Thatcher dominated my childhood, and changed politics forever when she declared the end of society. The left and the right is still recovering from her legacy.
I grew up hating Thatcher.
I was thirteen when the Tories came to government in 1979. I was in my thirties by the time they were voted out. By then I was back in New Zealand.
Thatcher was the only leader I’d ever known.
In England in the 80s, I joined countless anti Thatcher demos, stood on picket lines during the miners strike, shoulder to shoulder with the friends I grew up with and their families, who were defending their jobs.
We had posters of Reagan carrying Thatcher in his arms in Gone With The Wind style (or was it Thatcher carrying Reagan?) because we hated Reagan too.
I joined Billy Bragg and The Specials in the Red Wedge movement. We really believed music would bring down the Tories.
We set up ‘illegal’ debates between Sinn Fein and the protestants to talk about peace in Ireland. Thatcher had banned any media coverage of Sinn Fein.
At university, my friend Nat joined the Revolutionary Communist Party and door knocked for the Tories. His nutty theory was that the worse it got under Thatcher, the more likely the proletariat would rise up and overthrow the Tories.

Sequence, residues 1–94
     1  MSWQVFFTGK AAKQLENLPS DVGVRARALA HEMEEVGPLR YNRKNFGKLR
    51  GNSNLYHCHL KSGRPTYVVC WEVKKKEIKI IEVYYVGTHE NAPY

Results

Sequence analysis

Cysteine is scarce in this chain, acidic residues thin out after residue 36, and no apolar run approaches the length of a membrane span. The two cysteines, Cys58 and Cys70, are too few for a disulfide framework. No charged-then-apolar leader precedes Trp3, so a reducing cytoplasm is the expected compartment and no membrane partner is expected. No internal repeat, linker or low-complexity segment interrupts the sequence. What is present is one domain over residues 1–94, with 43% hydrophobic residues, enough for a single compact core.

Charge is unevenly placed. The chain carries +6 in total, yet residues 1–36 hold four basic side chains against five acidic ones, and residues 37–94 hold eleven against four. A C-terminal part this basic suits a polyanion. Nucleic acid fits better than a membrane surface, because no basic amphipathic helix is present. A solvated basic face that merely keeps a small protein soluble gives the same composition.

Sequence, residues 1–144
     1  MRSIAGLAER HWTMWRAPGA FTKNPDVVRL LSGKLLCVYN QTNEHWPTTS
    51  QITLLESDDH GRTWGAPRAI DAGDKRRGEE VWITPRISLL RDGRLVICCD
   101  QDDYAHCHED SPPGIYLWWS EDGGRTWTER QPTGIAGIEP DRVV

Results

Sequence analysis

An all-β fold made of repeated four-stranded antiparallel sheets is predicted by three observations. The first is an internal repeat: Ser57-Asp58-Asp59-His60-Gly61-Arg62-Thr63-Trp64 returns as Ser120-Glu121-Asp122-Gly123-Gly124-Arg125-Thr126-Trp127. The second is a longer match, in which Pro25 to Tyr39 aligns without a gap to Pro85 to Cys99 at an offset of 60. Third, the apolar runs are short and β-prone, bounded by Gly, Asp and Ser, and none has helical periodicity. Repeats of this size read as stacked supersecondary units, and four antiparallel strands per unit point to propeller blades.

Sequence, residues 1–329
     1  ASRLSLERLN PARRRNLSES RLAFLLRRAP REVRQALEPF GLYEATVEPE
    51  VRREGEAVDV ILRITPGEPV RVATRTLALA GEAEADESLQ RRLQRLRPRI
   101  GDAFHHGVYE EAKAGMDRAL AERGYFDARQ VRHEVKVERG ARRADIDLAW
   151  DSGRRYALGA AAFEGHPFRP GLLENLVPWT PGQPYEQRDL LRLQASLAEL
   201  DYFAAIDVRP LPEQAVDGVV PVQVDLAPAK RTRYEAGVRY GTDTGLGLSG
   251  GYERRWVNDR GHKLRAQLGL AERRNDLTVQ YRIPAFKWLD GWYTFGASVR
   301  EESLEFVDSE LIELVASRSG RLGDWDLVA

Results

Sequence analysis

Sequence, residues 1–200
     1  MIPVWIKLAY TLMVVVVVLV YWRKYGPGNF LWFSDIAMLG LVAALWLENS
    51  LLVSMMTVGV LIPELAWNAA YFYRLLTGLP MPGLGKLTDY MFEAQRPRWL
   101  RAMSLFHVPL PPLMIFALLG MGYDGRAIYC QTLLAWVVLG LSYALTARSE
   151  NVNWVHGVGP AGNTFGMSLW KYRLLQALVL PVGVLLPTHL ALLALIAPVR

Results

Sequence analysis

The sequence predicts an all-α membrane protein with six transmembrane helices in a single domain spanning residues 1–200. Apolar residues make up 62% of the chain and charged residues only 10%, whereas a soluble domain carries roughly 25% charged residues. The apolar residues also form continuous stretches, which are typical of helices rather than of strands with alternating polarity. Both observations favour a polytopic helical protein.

By the end of the 80s my coat was covered in badges representing failed campaigns on the left.
Why did we fail for so long?
I still remember the day the kids at my comprehensive school cheered Maggie’s 1979 election, and the shock of realising many of their families had voted for her.
She was cruel. She blamed the poverty that her own policies caused on the moral failure of the poor. She was a war-monger, a bomb-lover, an enabler of dictators. It was no accident that she resisted the fall of the Berlin Wall, the reunification of Germany, gave comfort to Pol Pot. For all her exploitation of Irish terrorism, she failed ever to condemn the bombing of the Rainbow Warrior.
It took us until the 90s before we answered a question that seems obvious today: How could such a woman have won three general elections?
We told ourselves in the 80s that she won because of the right wing newspapers, because she bought votes with North Sea oil revenues, because the Argentine junta gifted her a military triumph in the Falklands. All those factors played a part, but they were never enough of an explanation. Tony Blair quotes the Labour activist who said to him, after 1992, ‘The people haven’t voted for us for four elections in a row. What’s wrong with them?’